By Maria Jose De La Cruz
I don’t know about yall but as someone who grew up in New Braunfels, Texas growing up I never knew people who were queer until my senior year of high school. Moving to Austin helped me feel more comfortable exploring my queerness but not everyone lives in a city where there’s a lot of queer people. And while there’s more white queer people than queer people of color in Austin there’s more QPOC here than in New Braunfels and other small texas towns. Here are some small tips that would’ve helped young me navigate being queer.
You don’t have to label who you are
In the middle of having many options to call ourselves we sometimes feel like we have to pick a label, but there’s no rush to figure out who you are. It’s okay if you’re not 100% sure that you are queer. For some it’s more natural to understand their queerness but for others it takes time and that’s ok. Everyone’s on their own journey, for me I am still figuring out who I am but for now I know that the label queer works for me
It’s ok to be multiple things and change
Going with the previous tip, it’s okay to be multiple things and with time we can change. At first I related to calling myself solely pansexual but then when I discovered the word queer I felt more comfortable in that it expresses who I am more accurately. You don’t have to stick with one identity, if you feel like there’s something that you relate to more don’t feel stuck! We are all complex people and so are these labels so try to be patient with yourself.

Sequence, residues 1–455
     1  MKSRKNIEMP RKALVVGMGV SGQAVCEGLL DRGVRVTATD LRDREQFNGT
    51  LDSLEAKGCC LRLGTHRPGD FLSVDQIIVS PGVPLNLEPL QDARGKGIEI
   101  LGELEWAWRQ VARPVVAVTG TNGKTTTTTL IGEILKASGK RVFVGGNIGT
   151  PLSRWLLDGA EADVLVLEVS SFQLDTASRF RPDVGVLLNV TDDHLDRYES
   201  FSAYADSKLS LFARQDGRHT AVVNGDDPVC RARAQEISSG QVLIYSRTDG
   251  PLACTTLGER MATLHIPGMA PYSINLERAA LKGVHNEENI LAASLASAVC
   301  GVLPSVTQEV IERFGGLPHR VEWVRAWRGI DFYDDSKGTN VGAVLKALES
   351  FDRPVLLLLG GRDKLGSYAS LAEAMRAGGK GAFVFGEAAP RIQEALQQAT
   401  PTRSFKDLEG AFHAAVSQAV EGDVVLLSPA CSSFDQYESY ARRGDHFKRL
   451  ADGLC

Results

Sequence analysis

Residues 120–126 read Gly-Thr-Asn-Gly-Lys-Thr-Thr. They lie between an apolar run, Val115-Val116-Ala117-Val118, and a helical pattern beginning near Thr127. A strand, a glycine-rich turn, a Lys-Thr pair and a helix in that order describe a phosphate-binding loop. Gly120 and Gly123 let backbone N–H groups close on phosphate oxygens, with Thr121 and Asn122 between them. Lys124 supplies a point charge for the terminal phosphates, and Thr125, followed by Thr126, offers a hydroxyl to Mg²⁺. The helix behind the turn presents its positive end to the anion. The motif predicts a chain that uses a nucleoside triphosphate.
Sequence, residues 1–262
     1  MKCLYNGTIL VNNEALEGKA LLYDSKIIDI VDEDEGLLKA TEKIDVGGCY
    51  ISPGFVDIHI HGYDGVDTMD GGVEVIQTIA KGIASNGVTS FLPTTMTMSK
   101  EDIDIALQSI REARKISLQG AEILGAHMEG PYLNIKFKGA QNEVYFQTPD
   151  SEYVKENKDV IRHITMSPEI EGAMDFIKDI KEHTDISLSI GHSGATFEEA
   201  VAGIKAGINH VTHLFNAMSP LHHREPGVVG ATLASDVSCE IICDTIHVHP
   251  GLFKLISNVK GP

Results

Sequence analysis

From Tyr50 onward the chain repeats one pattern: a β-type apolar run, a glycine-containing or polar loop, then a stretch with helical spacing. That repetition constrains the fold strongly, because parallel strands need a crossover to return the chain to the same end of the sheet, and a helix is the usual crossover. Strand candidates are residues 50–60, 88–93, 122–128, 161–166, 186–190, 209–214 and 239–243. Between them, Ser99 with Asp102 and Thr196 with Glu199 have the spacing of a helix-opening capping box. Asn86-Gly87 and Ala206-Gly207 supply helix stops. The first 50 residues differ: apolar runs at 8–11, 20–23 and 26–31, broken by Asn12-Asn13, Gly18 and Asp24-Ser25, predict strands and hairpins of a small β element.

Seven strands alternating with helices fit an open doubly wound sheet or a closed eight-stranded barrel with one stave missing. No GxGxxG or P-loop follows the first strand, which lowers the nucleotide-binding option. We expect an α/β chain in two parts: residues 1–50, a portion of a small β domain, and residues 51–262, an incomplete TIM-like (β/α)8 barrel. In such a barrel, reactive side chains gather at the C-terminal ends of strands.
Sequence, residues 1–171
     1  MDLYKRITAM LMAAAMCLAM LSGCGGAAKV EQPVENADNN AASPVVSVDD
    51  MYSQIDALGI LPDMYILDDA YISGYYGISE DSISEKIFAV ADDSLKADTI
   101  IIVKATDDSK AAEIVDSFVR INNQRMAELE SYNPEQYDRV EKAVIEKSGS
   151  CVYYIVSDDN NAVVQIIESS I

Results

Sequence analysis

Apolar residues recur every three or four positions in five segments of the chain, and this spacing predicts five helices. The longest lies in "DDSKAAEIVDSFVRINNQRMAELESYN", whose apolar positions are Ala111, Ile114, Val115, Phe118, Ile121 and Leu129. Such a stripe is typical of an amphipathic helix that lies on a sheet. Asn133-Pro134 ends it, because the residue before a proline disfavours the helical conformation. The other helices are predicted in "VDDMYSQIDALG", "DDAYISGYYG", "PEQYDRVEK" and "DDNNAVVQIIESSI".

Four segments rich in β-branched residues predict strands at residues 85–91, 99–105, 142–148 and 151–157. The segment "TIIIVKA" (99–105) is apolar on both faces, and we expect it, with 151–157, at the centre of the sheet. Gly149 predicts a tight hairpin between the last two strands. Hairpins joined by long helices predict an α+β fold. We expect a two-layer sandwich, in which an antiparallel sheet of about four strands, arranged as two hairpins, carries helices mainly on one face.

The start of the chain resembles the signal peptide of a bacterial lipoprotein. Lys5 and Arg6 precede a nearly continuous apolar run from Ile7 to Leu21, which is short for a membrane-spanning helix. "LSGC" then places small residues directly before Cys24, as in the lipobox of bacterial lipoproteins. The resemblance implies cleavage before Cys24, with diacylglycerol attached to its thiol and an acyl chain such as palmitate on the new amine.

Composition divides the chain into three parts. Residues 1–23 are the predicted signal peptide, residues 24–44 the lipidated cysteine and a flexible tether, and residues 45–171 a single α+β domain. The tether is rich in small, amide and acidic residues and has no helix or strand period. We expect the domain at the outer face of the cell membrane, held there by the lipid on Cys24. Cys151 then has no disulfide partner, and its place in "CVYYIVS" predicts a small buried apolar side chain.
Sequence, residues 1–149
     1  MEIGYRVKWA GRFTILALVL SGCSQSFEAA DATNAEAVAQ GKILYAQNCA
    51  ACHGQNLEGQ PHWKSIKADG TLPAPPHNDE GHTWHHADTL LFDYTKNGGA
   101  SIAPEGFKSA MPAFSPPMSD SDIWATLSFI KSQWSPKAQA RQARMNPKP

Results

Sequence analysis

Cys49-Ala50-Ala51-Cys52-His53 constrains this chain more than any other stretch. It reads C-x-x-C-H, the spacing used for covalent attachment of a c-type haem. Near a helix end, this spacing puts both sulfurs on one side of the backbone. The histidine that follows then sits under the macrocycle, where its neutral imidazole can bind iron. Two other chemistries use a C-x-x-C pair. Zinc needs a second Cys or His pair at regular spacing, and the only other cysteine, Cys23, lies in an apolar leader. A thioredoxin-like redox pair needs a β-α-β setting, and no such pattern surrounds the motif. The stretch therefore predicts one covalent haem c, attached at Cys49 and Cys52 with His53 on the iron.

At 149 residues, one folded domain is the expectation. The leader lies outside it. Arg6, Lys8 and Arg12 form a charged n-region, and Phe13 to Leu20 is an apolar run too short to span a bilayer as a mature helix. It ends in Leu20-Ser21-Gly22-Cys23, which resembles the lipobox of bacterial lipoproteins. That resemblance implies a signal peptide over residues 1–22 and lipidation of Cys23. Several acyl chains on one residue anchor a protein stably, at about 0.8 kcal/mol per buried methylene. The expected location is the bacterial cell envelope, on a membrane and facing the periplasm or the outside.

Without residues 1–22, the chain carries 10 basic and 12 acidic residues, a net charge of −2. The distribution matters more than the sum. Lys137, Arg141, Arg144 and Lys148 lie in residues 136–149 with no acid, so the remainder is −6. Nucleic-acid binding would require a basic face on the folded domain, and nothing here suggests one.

You’re not alone
As corny as it sounds I wish someone would’ve told me this growing up. I was always scared that my family and friends would not accept me being queer. The fear of not having anyone or any support would sometimes keep me up at night. But what we have to remind ourselves is that we are not alone. There’s a great queer people of color community that is full love and support. allgo has great events where one can find a queer people of color community in Austin.
There’s not one way to be Queer
When I wanted to come out as queer I felt like I wasn’t ready, because I had not checked things off this imaginary queer list that proves you are who you say you are. One of the things I thought I had to do was have queer sexual experiences. This was not healthy for me and this standard that society upholds held me back from expressing who I was. Not to mention it pressured me into feeling like I had to have sex with people to validate my queerness. You do not need external validation for what you feel and know internally! My advice is that you are your own person and there’s not one way to be queer. Let go of those expectations you feel from society because of your queerness.
Until this day I struggle to unlearn the things I developed because I didn’t know all these things above. I hope this helps some people as we all are always growing and figuring ourselves out.